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Poster
Learned Prioritization for Trading Off Accuracy and Speed
Jiarong Jiang · Adam Teichert · Hal Daumé III · Jason Eisner

Mon Dec 03 07:00 PM -- 12:00 AM (PST) @ Harrah’s Special Events Center 2nd Floor #None

Users want natural language processing (NLP) systems to be both fast and accurate, but quality often comes at the cost of speed. The field has been manually exploring various speed-accuracy tradeoffs (for particular problems and datasets). We aim to explore this space automatically, focusing here on the case of agenda-based syntactic parsing \cite{kay-1986}. Unfortunately, off-the-shelf reinforcement learning techniques fail to learn good policies: the state space is simply too large to explore naively. An attempt to counteract this by applying imitation learning algorithms also fails: the `teacher'' is far too good to successfully imitate with our inexpensive features. Moreover, it is not specifically tuned for the known reward function. We propose a hybrid reinforcement/apprenticeship learning algorithm that, even with only a few inexpensive features, can automatically learn weights that achieve competitive accuracies at significant improvements in speed over state-of-the-art baselines.

#### Author Information

##### Jason Eisner (Johns Hopkins + Microsoft)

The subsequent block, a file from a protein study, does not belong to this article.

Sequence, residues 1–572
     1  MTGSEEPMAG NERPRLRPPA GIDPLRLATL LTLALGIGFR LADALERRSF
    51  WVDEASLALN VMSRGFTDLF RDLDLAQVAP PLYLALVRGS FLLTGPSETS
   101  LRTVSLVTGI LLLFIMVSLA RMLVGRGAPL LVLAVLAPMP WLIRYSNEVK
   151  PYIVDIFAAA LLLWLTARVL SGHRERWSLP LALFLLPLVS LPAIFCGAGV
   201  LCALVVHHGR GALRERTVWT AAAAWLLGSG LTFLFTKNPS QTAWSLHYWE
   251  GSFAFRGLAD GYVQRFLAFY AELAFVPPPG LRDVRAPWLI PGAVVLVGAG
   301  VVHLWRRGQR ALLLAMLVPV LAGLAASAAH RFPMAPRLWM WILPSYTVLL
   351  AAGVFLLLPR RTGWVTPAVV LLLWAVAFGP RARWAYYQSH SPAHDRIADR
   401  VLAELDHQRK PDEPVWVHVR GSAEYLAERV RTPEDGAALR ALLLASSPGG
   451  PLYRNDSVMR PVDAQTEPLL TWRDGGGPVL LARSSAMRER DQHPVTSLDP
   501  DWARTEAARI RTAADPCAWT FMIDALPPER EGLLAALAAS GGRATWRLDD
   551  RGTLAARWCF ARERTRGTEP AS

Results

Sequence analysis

Jason Eisner is Professor of Computer Science at Johns Hopkins University, as well as Director of Research at Microsoft Semantic Machines. He is a Fellow of the Association for Computational Linguistics. At Johns Hopkins, he is also affiliated with the Center for Language and Speech Processing, the Machine Learning Group, the Cognitive Science Department, and the national Center of Excellence in Human Language Technology. His goal is to develop the probabilistic modeling, inference, and learning techniques needed for a unified model of all kinds of linguistic structure. His 135+ papers have presented various algorithms for parsing, machine translation, and weighted finite-state machines; formalizations, algorithms, theorems, and empirical results in computational phonology; and unsupervised or semi-supervised learning methods for syntax, morphology, and word-sense disambiguation. He is also the lead designer of Dyna, a new declarative programming language that provides an infrastructure for AI research. He has received two school-wide awards for excellence in teaching, as well as recent Best Paper Awards at ACL 2017 and EMNLP 2019.